Thursday, June 23, 2016
IMMIGRATION AMNESTY POLICY BLOCKED BY SCOTUS 4-4 (SCALIA'S ABSENCE):
ISIL HAS RUINED ANY CHANCE FOR IMMIGRATION AMNESTY IN THE UNITED STATES.
Sources: NY Times, CNN, NBC News, WSJ, Youtube
The Supreme Court on Thursday announced that it had deadlocked in a case challenging President Obama’s plan to shield millions of immigrants from deportation and allow them to work.
The 4-4 tie left in place an appeals court ruling blocking the plan, dealing a sharp blow to an ambitious program that Mr. Obama had hoped would become one of his central legacies.
Instead, even as the court deadlocked, it amplified the already contentious election-year debate over the nation’s immigration policy and presidential power.
The case, United States v. Texas, No. 15-674, concerned a plan to allow as many as five million unauthorized immigrants who are the parents of citizens or of lawful permanent residents to apply for a program that would spare them from deportation and provide them with work permits.
The program was called Deferred Action for Parents of Americans and Lawful Permanent Residents, or DAPA.
Mr. Obama has said he took action in 2014 after years of frustration with Republicans in Congress who had repeatedly refused to support bipartisan Senate legislation to update immigration laws.
A coalition of 26 states, led by Texas, promptly challenged the plan, accusing the president of ignoring administrative procedures for changing rules and of abusing the power of his office by circumventing Congress.
In February 2015, Judge Andrew S. Hanen of Federal District Court in Brownsville, Tex., entered a preliminary injunction shutting down the program while the legal case proceeded.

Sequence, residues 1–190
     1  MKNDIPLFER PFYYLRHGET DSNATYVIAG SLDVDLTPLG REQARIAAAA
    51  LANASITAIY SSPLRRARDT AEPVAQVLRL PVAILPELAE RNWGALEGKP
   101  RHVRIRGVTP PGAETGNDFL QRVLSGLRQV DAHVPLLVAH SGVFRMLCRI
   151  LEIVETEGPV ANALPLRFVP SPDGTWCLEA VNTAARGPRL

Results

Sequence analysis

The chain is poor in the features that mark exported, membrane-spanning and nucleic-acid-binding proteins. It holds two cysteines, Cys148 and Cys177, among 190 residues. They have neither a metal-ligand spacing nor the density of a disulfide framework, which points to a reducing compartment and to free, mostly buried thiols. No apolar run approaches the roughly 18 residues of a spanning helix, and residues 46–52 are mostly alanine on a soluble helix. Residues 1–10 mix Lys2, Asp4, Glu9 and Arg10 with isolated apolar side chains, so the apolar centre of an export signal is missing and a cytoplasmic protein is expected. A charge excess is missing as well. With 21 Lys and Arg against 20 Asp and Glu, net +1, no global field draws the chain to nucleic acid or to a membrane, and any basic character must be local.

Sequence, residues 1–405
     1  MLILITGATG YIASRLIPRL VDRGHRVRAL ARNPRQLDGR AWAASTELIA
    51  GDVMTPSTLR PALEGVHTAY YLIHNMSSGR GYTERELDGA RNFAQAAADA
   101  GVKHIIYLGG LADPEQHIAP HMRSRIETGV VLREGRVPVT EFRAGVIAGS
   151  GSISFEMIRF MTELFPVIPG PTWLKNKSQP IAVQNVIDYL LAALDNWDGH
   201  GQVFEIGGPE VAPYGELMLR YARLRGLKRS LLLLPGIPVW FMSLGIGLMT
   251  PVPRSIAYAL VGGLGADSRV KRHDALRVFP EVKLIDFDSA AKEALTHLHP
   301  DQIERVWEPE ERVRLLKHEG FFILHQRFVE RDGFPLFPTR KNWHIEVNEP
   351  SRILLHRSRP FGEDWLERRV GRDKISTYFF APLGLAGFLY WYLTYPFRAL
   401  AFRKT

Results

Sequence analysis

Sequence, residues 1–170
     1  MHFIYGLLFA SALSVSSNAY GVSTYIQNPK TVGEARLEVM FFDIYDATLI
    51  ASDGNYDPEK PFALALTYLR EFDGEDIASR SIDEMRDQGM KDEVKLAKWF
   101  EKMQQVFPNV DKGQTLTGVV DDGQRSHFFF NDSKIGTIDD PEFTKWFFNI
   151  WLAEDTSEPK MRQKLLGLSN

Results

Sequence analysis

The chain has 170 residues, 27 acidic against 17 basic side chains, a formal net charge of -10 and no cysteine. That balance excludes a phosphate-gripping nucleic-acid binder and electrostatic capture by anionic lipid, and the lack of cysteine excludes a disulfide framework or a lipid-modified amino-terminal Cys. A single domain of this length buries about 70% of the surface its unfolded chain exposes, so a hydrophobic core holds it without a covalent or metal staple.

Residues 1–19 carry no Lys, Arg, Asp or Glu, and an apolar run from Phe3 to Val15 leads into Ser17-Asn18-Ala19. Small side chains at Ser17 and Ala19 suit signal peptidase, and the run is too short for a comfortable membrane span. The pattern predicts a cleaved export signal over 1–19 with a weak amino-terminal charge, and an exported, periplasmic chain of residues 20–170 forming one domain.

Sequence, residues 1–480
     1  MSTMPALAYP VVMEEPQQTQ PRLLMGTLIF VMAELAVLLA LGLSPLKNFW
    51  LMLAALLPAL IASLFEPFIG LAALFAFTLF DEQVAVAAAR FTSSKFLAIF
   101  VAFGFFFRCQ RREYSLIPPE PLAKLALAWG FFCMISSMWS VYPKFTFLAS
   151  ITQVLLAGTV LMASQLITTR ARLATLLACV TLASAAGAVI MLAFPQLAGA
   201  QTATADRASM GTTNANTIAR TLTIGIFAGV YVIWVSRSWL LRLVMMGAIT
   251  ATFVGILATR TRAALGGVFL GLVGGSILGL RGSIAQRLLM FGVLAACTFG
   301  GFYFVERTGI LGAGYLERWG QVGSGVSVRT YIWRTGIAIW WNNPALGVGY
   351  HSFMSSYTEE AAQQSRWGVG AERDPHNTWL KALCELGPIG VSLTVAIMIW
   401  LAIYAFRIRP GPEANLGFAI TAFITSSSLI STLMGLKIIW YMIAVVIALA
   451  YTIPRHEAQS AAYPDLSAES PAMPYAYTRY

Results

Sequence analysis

The government appealed, and a divided three-judge panel of the United States Court of Appeals for the Fifth Circuit in New Orleans affirmed the injunction.
In their Supreme Court briefs, the states acknowledged that the president had wide authority over immigration matters, telling the justices that “the executive does have enforcement discretion to forbear from removing aliens on an individual basis.”
Their quarrel, they said, was with what they called a blanket grant of “lawful presence” to millions of immigrants, entitling them to various benefits.
In response, Solicitor General Donald B. Verrilli Jr. told the justices that this “lawful presence” was merely what had always followed from the executive branch’s decision not to deport someone for a given period of time.
“Deferred action does not provide these individuals with any lawful status under the immigration laws,” he said. “But it provides some measure of dignity and decent treatment.”
“It recognizes the damage that would be wreaked by tearing apart families,” Mr. Verrilli added, “and it allows individuals to leave the shadow economy and work on the books to provide for their families, thereby reducing exploitation and distortion in our labor markets.”
The states said they had suffered the sort of direct and concrete injury that gave them standing to sue.
Judge Jerry E. Smith, writing for the majority in the appeals court, focused on an injury said to have been suffered by Texas, which he said would have to spend millions of dollars to provide driver’s licenses to immigrants as a consequence of the federal program.
Mr. Verrilli told the justices that Texas’ injury was self-inflicted, a product of its decision to offer driver’s licenses for less than they cost to produce and to tie eligibility for them to federal standards.
Texas responded that being required to change its laws was itself the sort of harm that conferred standing.
“Such a forced change in Texas law would impair Texas’s sovereign interest in ‘the power to create and enforce a legal code,’” the state’s lawyers wrote in a brief.
Judge Hanen grounded his injunction on the Obama administration’s failure to give notice and seek public comments on its new program.
He found that notice and comment were required because the program gave blanket relief to entire categories of people, notwithstanding the administration’s assertion that it required case-by-case determinations about who was eligible for the program.
The appeals court affirmed that ruling and added a broader one. The program, it said, also exceeded Mr. Obama’s statutory authority